[Python-ideas] Fwd: Trigonometry in degrees
Steven D'Aprano
steve at pearwood.info
Mon Jun 11 20:48:36 EDT 2018
On Tue, Jun 12, 2018 at 10:57:18AM +1200, Greg Ewing wrote:
> Steven D'Aprano wrote:
> >sin(3°) is:
> >
> >-1/2 (-1)^(29/60) ((-1)^(1/60) - 1) (1 + (-1)^(1/60))
> >
> >This proposal was supposed to *simplify* the trig functions for
> >non-mathematicians, not make them mind-bogglingly complicated.
>
> I don't think anyone is going to complain about sin(3°) not
> being exact, whatever units are being used. This discussion
> is only about the rational values.
Precisely. They are the values I'm talking about.
If you're serious about only supporting only the rational values, then
the implementation is trivial and we can support both degrees and
radians easily.
def sin(angle): # radians
if angle == 0:
return 0
raise ValueError("sorry, no rational sine for that angle")
def sind(angle): # degrees
angle %= 360
rational_values = {
0: 0, 30: 0.5, 90: 1, 150: 0.5,
180: 0, 210: -0.5, 270: -1, 330: -0.5
}
if angle in rational_values:
return rational_values[angle]
raise ValueError("sorry, no rational sine for that angle")
Exceedingly simple, and exceedingly useless. Which was my point:
supporting only the rational values is pointless, because there are only
a handful of them. We either have to support full-blown symbolic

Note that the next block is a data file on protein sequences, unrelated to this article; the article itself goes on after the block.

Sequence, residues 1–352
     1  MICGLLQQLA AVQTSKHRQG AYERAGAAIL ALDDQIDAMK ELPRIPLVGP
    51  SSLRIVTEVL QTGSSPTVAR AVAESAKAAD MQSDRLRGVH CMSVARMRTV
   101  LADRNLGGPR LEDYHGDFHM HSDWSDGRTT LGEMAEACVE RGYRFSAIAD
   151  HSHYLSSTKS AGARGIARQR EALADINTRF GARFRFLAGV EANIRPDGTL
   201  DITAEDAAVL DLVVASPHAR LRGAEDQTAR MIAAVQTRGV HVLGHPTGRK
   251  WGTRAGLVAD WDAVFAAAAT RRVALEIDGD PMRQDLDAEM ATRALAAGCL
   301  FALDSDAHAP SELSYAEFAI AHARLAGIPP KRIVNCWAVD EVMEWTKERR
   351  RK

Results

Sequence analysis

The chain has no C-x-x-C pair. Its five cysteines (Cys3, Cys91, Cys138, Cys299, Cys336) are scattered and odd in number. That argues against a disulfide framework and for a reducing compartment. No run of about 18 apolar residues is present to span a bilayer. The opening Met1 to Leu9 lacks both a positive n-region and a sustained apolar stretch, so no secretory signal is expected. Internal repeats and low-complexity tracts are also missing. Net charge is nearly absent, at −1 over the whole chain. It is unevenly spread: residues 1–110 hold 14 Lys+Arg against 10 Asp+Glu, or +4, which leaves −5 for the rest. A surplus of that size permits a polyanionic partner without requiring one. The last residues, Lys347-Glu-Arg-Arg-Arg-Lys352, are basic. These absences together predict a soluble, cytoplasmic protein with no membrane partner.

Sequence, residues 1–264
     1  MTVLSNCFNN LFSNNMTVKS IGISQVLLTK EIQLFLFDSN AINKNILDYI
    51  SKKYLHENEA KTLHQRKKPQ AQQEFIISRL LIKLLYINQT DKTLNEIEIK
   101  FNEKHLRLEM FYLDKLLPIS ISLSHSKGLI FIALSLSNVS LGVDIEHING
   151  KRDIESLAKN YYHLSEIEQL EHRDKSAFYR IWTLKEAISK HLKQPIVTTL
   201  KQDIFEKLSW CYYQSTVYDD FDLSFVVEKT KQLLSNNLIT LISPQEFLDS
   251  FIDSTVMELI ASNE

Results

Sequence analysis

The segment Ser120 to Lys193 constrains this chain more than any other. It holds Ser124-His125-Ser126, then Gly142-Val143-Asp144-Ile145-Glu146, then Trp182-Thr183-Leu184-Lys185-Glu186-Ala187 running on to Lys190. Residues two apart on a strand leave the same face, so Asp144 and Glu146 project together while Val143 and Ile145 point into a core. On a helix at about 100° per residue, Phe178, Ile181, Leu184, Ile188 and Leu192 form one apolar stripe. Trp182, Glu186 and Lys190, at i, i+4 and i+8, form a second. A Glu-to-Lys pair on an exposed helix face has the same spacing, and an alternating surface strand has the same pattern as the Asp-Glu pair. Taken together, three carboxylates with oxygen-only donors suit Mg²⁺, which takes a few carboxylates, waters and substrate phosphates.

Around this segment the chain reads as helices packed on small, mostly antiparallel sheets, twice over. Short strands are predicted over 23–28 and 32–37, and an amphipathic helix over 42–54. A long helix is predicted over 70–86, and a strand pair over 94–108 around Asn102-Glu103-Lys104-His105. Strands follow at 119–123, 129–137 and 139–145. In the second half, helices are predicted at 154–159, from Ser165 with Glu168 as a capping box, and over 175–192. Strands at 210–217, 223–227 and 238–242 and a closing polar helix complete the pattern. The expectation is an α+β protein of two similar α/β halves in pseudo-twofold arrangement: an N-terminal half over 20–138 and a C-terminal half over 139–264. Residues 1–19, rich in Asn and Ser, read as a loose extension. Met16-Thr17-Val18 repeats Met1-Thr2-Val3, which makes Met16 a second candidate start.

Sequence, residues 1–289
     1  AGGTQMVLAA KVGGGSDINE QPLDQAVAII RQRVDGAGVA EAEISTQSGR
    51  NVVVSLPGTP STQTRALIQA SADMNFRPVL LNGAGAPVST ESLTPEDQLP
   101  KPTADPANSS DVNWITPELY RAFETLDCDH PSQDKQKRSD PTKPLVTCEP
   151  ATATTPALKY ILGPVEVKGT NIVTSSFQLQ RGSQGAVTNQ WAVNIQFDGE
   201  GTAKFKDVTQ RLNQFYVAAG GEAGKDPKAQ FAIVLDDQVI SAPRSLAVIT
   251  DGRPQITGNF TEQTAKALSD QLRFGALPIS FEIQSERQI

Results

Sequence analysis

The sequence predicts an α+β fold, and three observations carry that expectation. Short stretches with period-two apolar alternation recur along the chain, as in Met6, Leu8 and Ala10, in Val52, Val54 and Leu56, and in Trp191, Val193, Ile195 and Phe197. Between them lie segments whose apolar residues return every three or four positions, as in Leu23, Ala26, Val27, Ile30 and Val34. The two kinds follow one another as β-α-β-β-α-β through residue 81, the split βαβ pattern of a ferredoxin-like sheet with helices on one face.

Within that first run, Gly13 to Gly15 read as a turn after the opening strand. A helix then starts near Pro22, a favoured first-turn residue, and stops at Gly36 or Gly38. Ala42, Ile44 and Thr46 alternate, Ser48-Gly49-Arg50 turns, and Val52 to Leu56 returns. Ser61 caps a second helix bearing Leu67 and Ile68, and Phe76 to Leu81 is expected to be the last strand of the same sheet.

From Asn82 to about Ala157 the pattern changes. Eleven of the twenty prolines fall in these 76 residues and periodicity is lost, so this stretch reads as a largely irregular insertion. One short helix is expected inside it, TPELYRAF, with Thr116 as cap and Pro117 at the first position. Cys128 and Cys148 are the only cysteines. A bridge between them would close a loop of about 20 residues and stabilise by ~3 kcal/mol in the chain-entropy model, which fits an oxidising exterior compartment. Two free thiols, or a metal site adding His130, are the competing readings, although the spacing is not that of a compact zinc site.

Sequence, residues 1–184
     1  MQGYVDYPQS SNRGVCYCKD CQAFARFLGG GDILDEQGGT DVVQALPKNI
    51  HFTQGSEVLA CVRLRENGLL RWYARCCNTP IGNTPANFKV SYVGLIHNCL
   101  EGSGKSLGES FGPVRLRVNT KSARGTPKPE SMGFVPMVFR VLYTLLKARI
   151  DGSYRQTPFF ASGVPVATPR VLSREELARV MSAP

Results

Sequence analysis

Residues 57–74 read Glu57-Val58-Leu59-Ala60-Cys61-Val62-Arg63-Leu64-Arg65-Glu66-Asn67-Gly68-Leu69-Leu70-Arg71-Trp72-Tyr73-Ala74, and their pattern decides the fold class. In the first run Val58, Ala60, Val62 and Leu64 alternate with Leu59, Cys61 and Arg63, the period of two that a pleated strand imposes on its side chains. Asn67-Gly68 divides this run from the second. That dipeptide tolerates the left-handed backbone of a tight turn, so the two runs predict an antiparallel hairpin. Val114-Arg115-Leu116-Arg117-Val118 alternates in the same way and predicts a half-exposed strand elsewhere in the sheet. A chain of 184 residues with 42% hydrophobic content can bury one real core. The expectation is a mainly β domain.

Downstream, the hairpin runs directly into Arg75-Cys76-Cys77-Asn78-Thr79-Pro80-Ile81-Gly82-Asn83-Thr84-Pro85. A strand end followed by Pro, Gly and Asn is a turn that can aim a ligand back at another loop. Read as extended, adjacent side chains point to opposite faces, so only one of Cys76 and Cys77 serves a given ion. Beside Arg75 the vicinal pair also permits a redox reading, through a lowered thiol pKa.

results, or we have rational APPROXIMATIONS to the true value.
I'm responding to a proposal that explicitly suggested using fractions
to do "real (not float) math", which I read as "no approximations". I
imagine that Michael thought that by using fractions, we can calculate
exact rational results for sine etc without floating point rounding
errors. No we cannot, except for the values above.
If "not float" is serious, then with the exception of the above values,
*none* of the values will be rational and we either can't return a value
(except for the above) or we have to use symbolic maths.
Using fractions is not a magic panacea that lets you calculate exact
answers just by swapping floats to fractions.
> I wonder whether another solution would be to provide a
> set of "newbie math" functions that round their results.
[...]
> Yes, I know, this just pushes the surprises somewhere
> else, but so does every solution.
No, that's really not true of every solution.
The initial proposal is fine: a separate set of trig functions that take
their arguments in degrees would have no unexpected surprises (only the
expected ones). With a decent implementation i.e. not this one:
# don't do this
def sind(angle):
return math.sin(math.radians(angle))
and equivalent for cos, we ought to be able to get correctly rounded
values for nearly all the "interesting" angles of the circle, without
those pesky rounding issues caused by π not being exactly representable
as a float.
There will still be rounding errors, because we're dealing with numbers
like sqrt(2) etc, but with IEEE-754 maths, they'll be correctly
rounded.
--
Steve
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